But that doesn’t mean that you should use them all the time or that there aren’t problems associated with using lists. There’s a fair amount of research into vocabulary acquisition related to lists, and even if it doesn’t unanimously discard lists as a source for vocabulary, lists aren’t as good as you might think. Let’s turn the above pros around and see how they can actually also be cons.
Why using vocabulary lists isn’t such a good idea after all
As I said in the introduction, a language is a complex system for communication. It would be naïve to think that you could master Chinese simply by studying lists of characters and words, but even if few students think that’s the case, many act as if it were at least partly true. If your Chines diet consists mostly of HSK vocabulary lists and test preparation, then you’re missing both more fun and more useful methods!
Here’s the other side to the above advantages:
- Lists are easy to find and easy to access… but how do you know that you’ve found the right list? The fact that you can find and use lists easily by searching online doesn’t necessarily mean that the lists you find are suitable for you or that they are of high quality. For example, a frequency list based on newspaper text is not suitable for boosting vocabulary for spoken language. Or a list compiled by another beginner based on a textbook with bad translations is not the best source for new vocabulary either. Learning all radicals is a waste of time, but learning the most common 100 is a great idea. It all depends.
- Lists limits your options and help you focus… but aren’t you just ignoring the problem? Not having too many choices is good as a beginner; you need guidance. However, since learning Chinese is a complex task with many things to do that can be done in many different ways, hiding within the confines of a vocabulary list won’t really help; you’re just ignoring the complexity of the problem. If you really trust the person making the choices for you and they know of your situation, motivation and goals, you might be fine, but probably not. For example, even the official HSK lists contain lots of useless words, omissions and other oddities. The same goes for the TOCFL lists.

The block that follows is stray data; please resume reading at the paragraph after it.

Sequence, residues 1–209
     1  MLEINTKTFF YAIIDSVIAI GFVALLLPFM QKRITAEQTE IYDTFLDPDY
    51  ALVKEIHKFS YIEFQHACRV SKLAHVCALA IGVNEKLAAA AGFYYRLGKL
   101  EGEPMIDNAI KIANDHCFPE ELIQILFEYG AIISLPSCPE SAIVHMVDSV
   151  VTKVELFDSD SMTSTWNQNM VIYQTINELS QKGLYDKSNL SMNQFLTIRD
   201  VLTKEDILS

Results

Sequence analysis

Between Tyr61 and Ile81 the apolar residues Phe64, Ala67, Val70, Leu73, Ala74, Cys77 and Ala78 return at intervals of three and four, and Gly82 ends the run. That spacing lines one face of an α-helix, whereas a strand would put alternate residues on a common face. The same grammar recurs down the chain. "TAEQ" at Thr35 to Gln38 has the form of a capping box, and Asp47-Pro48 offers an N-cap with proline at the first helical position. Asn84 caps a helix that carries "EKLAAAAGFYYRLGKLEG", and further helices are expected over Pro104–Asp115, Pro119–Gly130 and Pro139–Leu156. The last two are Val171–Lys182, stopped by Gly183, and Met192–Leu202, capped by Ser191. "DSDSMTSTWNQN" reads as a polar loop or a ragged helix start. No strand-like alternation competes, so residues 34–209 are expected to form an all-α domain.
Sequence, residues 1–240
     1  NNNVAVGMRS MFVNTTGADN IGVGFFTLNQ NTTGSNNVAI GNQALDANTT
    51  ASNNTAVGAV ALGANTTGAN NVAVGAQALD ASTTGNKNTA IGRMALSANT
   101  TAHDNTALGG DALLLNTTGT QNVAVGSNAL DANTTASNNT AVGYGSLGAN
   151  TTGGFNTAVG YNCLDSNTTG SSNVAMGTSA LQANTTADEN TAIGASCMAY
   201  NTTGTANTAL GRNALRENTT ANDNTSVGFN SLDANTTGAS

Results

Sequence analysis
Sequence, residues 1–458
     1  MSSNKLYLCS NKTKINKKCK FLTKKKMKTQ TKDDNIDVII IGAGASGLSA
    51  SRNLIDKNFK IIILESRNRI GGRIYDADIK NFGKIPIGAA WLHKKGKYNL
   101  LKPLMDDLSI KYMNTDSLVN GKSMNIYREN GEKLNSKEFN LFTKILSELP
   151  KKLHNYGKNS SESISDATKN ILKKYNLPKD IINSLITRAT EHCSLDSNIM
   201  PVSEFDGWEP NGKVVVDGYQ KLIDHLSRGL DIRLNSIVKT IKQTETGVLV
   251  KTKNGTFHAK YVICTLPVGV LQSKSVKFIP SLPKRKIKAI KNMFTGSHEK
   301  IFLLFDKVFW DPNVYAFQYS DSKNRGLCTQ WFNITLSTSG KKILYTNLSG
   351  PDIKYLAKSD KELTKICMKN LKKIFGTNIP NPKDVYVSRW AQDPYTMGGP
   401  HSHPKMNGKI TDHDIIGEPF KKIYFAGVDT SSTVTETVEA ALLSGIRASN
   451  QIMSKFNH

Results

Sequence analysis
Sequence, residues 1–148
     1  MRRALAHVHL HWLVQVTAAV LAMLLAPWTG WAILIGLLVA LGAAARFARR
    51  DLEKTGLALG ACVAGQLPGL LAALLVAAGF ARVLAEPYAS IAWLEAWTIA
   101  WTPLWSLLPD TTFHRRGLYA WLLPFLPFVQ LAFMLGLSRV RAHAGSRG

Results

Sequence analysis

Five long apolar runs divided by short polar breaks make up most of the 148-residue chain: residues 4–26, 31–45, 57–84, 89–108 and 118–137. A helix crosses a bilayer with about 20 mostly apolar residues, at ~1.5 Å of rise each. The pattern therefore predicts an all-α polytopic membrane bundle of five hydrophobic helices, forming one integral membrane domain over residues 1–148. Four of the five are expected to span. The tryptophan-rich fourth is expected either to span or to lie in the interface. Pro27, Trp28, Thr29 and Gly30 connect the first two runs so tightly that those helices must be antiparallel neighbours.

- Lists make progress measurable… but are you measuring the right thing? – I believe that measurable progress is great, but as soon as you start measuring, you need to be careful that you’re measuring the right thing. You are, after all, trying to learn Chinese, not only Chinese characters and words. I’ve written two articles about this problem already: The importance of counting what counts when learning Chinese and Measurable progress is a double-edged sword. Yes, you’re making a lot of progress if you measure how many words you can handle in your flashcard app, but does that mean that you can use them? Even if you could, is that equal to proficiency? Not really. Focusing only on lists would be a bit like going to the gym to get stronger in roder to become better at basketball, but then never really leave the gym.
- Lists are convenient to review … but are you learning the words properly? Many students, including myself, go through some period where they binge on new vocabulary, recklessly importing various lists into the flashcard program of their choice. However, while it is convenient, I’ve found that I seldom learn these words as thoroughly as those that I add or edit manually myself. Learning is not always convenient. Deep processing requires effort and focus. Your flashcards will only cover a small part of what it means to know a word.